Row over 'Google tax' needs Europe-wide solution

The political row over the "Google tax" needs a Europe-wide solution, according to Catherine Stihler.
The political row over the "Google tax" needs a Europe-wide solution, according to Catherine Stihler.
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The row between the US, UK and France over the "Google tax" needs resolved at a Europe-wide level to prevent countries "being picked off one by one", according to a data organisation.

The Open Knowledge Foundation said that the threats by Donald Trump to introduce import taxes on French goods, in retaliation for its digital services tax, could escalate if a joint way forward is not found.

Former Scottish Labour MEP, Catherine Stihler, now chief executive of the Foundation, said the solution to the row was Europe-wide action to prevent countries being "picked off one by one".

READ MORE: Will Brexit Britain be able to tax tech giants if the EU does?
She added: “With new rules required to make the digital age fairer, countries like the UK and France are rightly looking at digital service taxes. It’s important that we build a fair, free and open future, which offers both the freedom of enterprise and the opportunity of empowerment.

“But piecemeal action by individual countries will allow them to be picked off one-by-one by the US, which is why a Europe-wide solution is required.

"I urge the new European Commission president Ursula von der Leyen to prioritise this, and to work with non-EU countries as well to take collective action to build a fairer digital future.”

Concerns have been raised about the tax paid by multinational companies in some countries, as despite making large revenues, due to the way profits can be reported in lower tax jurisdictions they have been allegedly paying too little. A multilateral solution is being sought but some countries, including the UK, are introducing interim taxes.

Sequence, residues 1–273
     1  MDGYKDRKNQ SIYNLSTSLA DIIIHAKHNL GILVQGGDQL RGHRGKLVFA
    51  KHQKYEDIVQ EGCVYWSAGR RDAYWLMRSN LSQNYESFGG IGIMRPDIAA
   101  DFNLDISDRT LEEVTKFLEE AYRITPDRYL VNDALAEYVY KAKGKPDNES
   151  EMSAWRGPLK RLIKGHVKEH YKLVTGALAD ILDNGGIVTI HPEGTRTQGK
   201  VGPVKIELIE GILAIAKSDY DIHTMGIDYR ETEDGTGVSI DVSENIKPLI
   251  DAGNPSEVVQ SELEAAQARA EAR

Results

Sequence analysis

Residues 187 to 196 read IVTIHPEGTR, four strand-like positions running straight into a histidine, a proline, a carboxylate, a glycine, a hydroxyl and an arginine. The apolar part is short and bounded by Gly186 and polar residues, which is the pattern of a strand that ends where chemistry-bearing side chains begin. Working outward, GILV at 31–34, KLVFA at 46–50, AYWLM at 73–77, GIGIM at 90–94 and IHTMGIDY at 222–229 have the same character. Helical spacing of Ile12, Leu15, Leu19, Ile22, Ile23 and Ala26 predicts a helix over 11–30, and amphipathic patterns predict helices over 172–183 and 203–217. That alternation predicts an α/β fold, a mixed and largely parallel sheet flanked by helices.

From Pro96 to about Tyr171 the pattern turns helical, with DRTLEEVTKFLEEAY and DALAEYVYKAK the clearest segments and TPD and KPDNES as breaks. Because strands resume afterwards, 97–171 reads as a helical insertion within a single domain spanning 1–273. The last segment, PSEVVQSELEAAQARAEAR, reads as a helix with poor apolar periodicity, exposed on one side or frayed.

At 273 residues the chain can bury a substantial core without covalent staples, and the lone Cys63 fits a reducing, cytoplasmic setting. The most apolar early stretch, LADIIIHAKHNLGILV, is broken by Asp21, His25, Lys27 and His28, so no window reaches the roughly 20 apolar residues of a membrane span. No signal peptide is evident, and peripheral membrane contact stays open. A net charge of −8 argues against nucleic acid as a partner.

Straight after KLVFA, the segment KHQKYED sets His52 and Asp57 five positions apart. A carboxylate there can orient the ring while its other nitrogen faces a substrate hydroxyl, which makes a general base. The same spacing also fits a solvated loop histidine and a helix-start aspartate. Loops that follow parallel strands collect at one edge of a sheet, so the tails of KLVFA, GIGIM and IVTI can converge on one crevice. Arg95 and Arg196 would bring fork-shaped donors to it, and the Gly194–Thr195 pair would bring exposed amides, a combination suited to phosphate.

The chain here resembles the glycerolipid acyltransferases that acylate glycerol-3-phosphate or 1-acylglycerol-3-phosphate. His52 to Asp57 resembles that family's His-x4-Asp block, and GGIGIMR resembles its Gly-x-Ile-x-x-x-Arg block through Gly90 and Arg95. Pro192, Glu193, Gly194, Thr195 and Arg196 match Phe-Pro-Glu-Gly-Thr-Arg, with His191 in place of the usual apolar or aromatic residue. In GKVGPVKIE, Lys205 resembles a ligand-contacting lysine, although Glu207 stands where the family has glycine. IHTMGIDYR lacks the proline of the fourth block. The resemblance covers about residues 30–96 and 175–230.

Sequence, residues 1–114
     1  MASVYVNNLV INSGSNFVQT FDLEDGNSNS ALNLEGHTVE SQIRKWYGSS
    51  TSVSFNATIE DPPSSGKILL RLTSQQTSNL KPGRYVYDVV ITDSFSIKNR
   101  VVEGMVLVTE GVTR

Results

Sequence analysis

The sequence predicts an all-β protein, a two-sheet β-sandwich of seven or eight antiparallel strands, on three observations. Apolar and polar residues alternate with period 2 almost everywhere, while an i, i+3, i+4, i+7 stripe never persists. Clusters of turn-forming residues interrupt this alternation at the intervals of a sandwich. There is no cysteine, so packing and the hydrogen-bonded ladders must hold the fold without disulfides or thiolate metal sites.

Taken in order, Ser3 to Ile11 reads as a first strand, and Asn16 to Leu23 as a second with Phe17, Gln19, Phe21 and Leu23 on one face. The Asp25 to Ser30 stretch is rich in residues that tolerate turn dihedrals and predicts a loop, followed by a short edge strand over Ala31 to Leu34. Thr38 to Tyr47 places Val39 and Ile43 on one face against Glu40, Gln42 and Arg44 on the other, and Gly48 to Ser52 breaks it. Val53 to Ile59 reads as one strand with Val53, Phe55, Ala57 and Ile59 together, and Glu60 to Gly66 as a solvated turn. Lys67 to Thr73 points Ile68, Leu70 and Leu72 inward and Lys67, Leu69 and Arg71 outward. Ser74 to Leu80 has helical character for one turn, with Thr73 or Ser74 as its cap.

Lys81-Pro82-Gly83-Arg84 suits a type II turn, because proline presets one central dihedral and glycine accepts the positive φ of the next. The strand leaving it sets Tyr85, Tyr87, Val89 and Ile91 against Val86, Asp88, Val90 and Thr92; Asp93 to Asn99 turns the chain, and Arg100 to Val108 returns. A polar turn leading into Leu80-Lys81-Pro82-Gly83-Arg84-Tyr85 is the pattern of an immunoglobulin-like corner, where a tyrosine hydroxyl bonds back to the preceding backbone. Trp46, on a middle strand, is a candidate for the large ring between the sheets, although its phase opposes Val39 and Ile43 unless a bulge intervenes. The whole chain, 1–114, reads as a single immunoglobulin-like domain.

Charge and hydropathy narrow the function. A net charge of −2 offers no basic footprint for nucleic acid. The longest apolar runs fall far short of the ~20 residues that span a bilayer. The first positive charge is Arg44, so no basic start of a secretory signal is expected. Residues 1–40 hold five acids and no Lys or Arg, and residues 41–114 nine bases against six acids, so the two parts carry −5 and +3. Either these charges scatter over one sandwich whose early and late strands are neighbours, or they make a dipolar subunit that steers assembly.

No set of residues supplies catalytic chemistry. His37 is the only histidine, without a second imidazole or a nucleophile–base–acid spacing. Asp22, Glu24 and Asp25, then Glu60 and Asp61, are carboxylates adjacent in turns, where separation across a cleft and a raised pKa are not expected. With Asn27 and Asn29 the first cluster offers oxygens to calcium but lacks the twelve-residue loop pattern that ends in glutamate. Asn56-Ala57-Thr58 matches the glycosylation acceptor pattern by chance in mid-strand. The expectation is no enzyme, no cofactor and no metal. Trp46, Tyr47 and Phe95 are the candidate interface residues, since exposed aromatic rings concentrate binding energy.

The proposals are fiercely opposed by the US, any country taking unilateral action risks retaliatory tariffs.

Donald Trump has said he would apply up to 100 per cent tariffs on $2.4billion worth of French goods, including cheese, champagne and handbags as the new tax would affect some of the biggest American firms such as Google, Facebook and Amazon.

Emmanuel Macron wants to introduce a three per cent digital tax on any company with revenue of more than £670m, of which at least £21.8m is generated in France.

Despite Trump's threat, Boris Johnson has also vowed to press ahead with a similar two per cent tax in the UK from April next year while the Labour Party has promised a tax on ‘multinationals’.

READ MORE: Comment: Growing ‘likes’ for higher taxation of tech giants
Mr Johnson has said: "On the digital services tax, I do think we need to look at the operation of the big digital companies and the huge revenues they have in this country and the amount of tax that they pay. We need to sort that out. They need to make a fairer contribution."

Today Frances O'Grady, of the TUC, said there was "popular pressure on government of all stripes" to ensure large multinationals were "paying their whack".

She added: "It's not just about tax, but about workers rights. I was with GMB outside Amazon headquarters protesting about treatment of workers there and that's part of a global campaign. We're seeing more and more people concerned that we've got corporate parasites going round the world, making money and not contributing treating their workers in a pretty shoddy fashion."